Second Annual Parade and Fall Festival Creates Smiles

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(top) Sons of the American Revolution color guard.

(above) Matt Dotlich and his daughters Madison and Micelle

Photos by Linda Karn
(posted Sept 21)

Marion County Health and Hospital Corporation Director Dr. Virginia Caine was delighted to participate in the second annual Speedway Parade and Fall Festival on September 20, organized by the American Legion 500 Post and the Speedway Promoters Club.

The Legion has partnered with Health and Hospital to assist with the development of an emergency disaster plan. If a disaster was to happen, the corporation has to be able to provide medicine to the Marion County population within 48 hours. Caine has been working with two key members of the legion, Bill May and Rex Ikemire, and she is impressed with their knowledge in the area of incident response.

One idea the two men suggested is to use the American Legion Riders to drive their motorcycles when cars and trucks cannot be used. The ALR could serve the homebound and disabled special needs patients in an emergency situation.

Speedway's cable TV crew taped the approximate 60 parade units marching or driving up Main Street, tossing candy and waving to the crowd.

This year's parade included a fly-over by pilot Harry Goss of Pro-Air Enterprises Aerial Advertising. Goss had to circle several times to be in sync with parade start that was delayed due to the Speedway Fire Department treating an emergency incident in the staging area. Goss had fly north of the area to be out of the way of commercial airliners flying to Indianapolis International Airport.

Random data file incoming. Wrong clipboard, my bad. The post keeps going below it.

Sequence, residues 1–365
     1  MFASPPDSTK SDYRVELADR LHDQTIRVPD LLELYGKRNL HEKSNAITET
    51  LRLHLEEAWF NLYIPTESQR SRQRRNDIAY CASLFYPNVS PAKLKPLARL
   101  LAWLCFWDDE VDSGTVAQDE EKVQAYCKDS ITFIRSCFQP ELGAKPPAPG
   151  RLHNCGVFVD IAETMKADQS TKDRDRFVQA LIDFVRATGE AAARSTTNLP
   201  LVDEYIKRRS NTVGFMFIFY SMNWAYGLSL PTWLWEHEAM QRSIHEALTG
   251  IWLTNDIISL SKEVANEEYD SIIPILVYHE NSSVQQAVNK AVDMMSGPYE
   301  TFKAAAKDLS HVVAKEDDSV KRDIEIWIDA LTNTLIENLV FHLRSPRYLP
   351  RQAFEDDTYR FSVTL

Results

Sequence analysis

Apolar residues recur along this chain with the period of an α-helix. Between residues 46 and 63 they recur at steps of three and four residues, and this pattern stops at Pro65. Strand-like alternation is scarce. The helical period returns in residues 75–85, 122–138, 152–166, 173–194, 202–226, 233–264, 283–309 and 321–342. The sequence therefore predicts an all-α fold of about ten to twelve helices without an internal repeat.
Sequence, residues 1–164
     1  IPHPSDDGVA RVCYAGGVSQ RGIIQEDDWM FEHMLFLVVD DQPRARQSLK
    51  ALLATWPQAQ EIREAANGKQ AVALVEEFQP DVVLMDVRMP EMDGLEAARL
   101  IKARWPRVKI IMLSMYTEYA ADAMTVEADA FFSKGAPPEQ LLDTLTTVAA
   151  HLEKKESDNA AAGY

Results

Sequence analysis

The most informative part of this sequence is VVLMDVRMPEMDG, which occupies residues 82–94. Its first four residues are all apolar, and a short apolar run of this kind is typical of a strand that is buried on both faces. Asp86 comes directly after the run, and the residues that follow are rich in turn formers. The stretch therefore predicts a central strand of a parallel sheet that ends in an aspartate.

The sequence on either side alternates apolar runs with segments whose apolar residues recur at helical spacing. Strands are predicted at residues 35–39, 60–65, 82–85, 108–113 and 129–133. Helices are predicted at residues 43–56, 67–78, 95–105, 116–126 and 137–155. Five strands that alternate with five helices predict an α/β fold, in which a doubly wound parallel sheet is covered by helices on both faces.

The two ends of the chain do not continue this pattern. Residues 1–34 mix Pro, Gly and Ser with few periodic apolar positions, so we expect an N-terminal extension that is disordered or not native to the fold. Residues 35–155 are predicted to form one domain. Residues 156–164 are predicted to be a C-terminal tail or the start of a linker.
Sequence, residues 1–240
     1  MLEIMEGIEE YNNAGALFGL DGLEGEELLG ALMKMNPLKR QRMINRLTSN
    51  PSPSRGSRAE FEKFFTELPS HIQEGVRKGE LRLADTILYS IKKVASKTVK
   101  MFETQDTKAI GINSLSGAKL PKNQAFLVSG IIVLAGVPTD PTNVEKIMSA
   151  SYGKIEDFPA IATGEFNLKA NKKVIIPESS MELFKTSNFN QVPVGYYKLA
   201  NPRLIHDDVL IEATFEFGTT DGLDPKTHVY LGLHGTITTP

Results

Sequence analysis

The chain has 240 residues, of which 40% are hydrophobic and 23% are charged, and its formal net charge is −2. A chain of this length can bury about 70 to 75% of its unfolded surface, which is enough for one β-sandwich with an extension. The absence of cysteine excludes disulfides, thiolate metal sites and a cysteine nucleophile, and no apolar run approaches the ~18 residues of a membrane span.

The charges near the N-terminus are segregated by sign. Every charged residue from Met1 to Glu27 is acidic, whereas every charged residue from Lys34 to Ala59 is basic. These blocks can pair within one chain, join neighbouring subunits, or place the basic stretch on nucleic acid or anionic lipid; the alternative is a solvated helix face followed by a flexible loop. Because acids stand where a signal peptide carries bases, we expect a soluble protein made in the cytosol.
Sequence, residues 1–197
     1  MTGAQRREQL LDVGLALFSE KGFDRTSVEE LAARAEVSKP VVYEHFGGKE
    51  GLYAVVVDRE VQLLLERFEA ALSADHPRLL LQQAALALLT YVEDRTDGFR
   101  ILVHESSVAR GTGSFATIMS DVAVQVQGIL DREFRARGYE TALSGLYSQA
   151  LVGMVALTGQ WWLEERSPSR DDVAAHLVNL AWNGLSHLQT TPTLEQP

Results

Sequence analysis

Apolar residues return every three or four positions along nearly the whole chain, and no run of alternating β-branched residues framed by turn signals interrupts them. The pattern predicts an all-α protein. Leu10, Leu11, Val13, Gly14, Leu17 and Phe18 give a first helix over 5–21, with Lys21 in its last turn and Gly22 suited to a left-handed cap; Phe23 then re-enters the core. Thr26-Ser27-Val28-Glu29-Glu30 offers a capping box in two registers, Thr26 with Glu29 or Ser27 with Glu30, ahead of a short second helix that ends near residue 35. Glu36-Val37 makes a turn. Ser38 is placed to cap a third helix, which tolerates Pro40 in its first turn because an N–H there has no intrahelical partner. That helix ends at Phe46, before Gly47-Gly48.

Robynn Alexander described the fly-over as "very cool."

Alexander came to watch her son perform in the Speedway High School Band. The Speedway Junior High Eighth Grade Football team received applause from the crowd for being undefeated. The Ritter High School Band also participated in the parade.

The pet contest was also part of the parade. Anne Dorton's dog Stanley won the adult division, dressed as both a Democrat and Republican.

But it was the Speedway's biggest bunny that had kids running into the street to pet the gray and white furry critter. Owner Erin Dotlich pulled Kyla Griesemer and the 30 pound bunny in a wagon.

The streets were also filled with political candidates, including incumbent Phil Hinkle and Stephanie DeKemper, running for the 92 District seat in the Indiana General Assembly.

Wayne Township Mike McCormack had a different mission. He was educating the public about the November 4 referendum that could end the township assessor's position.

The parade also celebrated Speedway's past Main Street merchants like William Busard of Busard Rentals, Bob Morris of the Trend House, Helen Kellam of Trade Winds Aquarium, Liz Glover of Charlie Brown's Pancake and Steak House, Jerry Bratton of B & W Plumbing, and Sue Rosner of Rosner Drugs. Julie Eppen represented the Eppen Farm where the American Legion 500 Post stands today.

Speedway Industrial Park and Dotlich Crane have also been part of Speedway's industrial base for many years. Donald Dotlich drove four generations of Dotlich on their new 40 ton crane. The two separate businesses both have aspirations to be part of Speedway's future.

Some new Main Street businesses were in the parade, including Don Walker of Speedway Handmade Bicycle Works and Rex Boswell of Naptown Trolley.

The Speedway Public Library staff members added their talent to the parade by performing as the book cart drill team. The book cart drill team promoted the library's 40th anniversary.

Speedway Police Sgt. Sam Alexander wowed the crowd with his motorcycle skills at the start of the parade. He rode for about four blocks standing on the seat of his motorcycle.

Town Manager Barbara Lawrence had parade enthusiasm as she zigged-zagged across the street to meet the town residents. McGruff, the crime prevention mascot, accompanied Lawrence.

The Pacers' Boomer dazzled kids by doing wheelies on his ATV.